Long thought to be the stuff of dreams, highways in the sky, dubbed ‘skyways’, are being mapped out in order to accommodate flying cars.

Seen as a solution to congested roads, flying cars are hardly a new concept; what is exciting is the announcement that a group of scientists are mapping potential routes that the cars or Personal Air and Land Vehicles (PAL-Vs) could take, indicating how serious the idea is being taken.

Developments in materials, which allow the production of light weight vehicles, along with a collaborative effort between engineering companies and universities, make the vision even more achievable. A team at the University of Liverpool are pooling their expertise into creating a GPS that would help deal with the issues of collisions. So even though potentially thousands of cars could take to the skies, it’s highly unlikely unless you have at least £150,000 spare for the car alone, and add on top of this the cost to become a pilot along with the fuel inefficiencies associated with the current cars available.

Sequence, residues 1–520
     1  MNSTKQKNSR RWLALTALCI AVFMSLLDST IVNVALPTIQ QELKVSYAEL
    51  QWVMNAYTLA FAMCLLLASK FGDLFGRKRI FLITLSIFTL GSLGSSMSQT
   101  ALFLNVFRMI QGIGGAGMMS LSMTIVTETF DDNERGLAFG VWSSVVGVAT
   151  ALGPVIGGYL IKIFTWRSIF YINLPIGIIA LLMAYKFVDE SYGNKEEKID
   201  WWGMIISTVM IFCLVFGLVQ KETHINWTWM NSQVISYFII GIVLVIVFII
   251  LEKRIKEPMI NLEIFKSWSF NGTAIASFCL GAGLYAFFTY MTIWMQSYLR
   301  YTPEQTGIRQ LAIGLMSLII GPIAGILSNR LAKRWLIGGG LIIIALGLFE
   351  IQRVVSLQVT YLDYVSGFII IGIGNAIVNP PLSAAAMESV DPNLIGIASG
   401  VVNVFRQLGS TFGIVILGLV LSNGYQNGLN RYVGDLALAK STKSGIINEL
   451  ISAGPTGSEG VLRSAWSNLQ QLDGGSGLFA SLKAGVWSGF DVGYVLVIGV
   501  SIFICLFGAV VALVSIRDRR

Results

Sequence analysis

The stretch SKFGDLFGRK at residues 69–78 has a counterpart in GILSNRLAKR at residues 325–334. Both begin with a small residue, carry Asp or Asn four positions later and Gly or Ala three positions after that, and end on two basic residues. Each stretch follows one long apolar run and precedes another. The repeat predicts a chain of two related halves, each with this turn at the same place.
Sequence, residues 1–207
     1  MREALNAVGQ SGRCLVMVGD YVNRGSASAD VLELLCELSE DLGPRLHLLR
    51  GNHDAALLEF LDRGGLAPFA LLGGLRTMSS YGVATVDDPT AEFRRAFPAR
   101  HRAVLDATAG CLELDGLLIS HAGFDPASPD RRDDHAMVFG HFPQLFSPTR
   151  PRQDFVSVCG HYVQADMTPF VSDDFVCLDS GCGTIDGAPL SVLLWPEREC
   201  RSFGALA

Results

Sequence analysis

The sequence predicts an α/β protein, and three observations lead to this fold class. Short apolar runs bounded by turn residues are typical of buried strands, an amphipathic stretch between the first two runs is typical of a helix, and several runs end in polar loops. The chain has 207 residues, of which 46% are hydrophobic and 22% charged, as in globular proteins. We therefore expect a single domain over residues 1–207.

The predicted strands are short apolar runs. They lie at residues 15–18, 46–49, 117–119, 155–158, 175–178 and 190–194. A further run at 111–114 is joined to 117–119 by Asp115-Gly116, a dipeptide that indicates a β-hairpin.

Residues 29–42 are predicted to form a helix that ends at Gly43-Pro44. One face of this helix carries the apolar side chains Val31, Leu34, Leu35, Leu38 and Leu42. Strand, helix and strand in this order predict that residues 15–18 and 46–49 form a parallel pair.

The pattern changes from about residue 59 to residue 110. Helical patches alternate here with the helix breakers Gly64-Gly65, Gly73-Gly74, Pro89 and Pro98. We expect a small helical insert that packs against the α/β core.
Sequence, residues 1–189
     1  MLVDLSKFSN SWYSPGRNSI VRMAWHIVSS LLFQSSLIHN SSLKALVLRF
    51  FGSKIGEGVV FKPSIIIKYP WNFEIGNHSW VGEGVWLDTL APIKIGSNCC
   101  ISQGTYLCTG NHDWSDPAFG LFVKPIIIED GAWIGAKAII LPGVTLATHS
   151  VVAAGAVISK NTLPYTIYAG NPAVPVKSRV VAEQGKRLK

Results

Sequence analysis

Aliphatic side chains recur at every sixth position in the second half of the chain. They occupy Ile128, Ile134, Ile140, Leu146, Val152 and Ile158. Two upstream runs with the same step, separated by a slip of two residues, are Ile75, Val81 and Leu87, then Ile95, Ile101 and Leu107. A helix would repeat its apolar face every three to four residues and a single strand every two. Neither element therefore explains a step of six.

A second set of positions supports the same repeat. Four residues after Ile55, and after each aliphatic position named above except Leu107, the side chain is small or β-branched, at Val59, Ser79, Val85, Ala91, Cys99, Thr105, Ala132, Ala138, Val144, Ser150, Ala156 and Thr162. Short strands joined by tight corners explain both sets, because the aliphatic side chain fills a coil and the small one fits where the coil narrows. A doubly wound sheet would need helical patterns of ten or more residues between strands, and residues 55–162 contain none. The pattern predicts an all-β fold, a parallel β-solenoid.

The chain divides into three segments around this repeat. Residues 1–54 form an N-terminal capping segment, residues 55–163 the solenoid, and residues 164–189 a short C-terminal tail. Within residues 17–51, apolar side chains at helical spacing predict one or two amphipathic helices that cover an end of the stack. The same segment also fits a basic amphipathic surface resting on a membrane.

However efforts are being made worldwide to make this idea really take off; scientists in Switzerland have tested the ability of ten cars to fly at the same time and, in the USA, NASA is developing its own project and the New York Car Show has hosted a number of designs during this month’s show.